Niki de Saint Phalle

Niki de Saint Phalle

‘I bear no grudge against men. Actually, I just think they’re kind of pathetic, they’re only good enough to decorate my bed and polish my boots. But I don’t need them for other things.’

Name: Niki de Saint Phalle
Born: France,1930
Art Zuid edition(s): 2011

Social Media: Instagram

About Niki de Saint Phalle

Niki de Saint Phalle was a sculptor and painter- self-taught. Her father was a French banker, her mother American. When Niki was three, the family moved to New York. At an early stage she became traumatized by sexual abuse committed by her father. Subsequently she was placed in a monastery by her parents.

After leaving the convent she became a model and married the writer Harry Mathews at the age of nineteen. In 1951 she returned to Paris alone and started painting a year later. In 1955 she teamed up with Jean Tinguely, the Swiss New Realistic artist, whom she married in 1971.

She made her first reliefs in plaster and other materials in 1956. She was influenced by feminism and initially exhibited with aggressive-looking collages, in which she incorporated weapons. This incorporation of weapons was referred to as “masculine”. In the early 1960s, Niki de Saint Phalle made a name for herself as an action painter with shooting scenes.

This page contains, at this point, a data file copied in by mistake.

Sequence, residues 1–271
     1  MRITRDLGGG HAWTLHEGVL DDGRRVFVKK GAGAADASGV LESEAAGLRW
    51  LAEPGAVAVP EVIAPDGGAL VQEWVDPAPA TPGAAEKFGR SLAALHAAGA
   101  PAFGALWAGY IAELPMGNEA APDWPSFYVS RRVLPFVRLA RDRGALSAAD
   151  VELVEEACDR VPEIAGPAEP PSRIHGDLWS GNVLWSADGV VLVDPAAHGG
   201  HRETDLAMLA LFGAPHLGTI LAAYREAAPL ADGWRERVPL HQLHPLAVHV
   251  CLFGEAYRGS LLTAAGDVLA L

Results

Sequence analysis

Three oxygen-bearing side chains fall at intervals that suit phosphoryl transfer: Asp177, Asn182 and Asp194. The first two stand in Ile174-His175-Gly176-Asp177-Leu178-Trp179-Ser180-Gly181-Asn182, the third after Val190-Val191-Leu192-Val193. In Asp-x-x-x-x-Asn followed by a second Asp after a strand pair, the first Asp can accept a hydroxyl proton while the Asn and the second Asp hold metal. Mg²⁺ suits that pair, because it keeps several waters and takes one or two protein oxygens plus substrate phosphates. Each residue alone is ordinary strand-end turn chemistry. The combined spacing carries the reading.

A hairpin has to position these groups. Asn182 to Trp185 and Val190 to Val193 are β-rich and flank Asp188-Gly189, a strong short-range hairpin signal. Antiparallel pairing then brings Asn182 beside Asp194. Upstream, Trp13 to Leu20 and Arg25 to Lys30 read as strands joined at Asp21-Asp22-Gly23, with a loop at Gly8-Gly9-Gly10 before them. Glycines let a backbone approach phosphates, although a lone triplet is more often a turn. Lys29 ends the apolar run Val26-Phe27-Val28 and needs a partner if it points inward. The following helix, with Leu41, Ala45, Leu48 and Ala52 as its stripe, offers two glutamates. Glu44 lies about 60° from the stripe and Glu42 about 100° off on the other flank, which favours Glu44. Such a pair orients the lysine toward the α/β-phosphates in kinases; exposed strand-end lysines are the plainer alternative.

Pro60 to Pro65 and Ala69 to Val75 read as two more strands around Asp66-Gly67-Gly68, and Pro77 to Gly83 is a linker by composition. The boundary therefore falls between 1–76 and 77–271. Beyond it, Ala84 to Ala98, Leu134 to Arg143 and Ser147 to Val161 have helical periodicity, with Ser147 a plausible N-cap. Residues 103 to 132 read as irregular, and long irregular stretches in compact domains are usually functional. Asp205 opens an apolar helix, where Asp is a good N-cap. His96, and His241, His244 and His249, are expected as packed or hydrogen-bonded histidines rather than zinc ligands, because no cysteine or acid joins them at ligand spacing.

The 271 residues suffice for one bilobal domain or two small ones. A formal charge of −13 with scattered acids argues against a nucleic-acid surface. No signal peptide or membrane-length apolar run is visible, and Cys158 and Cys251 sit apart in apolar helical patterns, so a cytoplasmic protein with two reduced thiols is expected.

Her mid-1960s Nana figures were versions of the “primeval woman”; colorful, expressive, man-sized female sculptures made of polyester, which caused a stir in the art world.

In Italy she worked for years on figures from the tarot card game. This led to the sculpture park Giardino dei Tarocchi. She also made animal figures for Noah’s Ark in Israel. Working extensively with plastic and being burdened with the constant inhalation of toxic fumes played tricks on De Saint Phalle. She therefore returned to Switzerland.

De Saint Phalle designed fountains with Tinguely. After his death in 1991, she moved to California because of the clean air. Niki de Saint Phalle died there in 2002.

In 2011, Bête Gentille (l’Unicorn) was shown at ART ZUID. The multicolored unicorn has been imagined as a feminine pet for centuries. It is still a popular figure in girls’ books.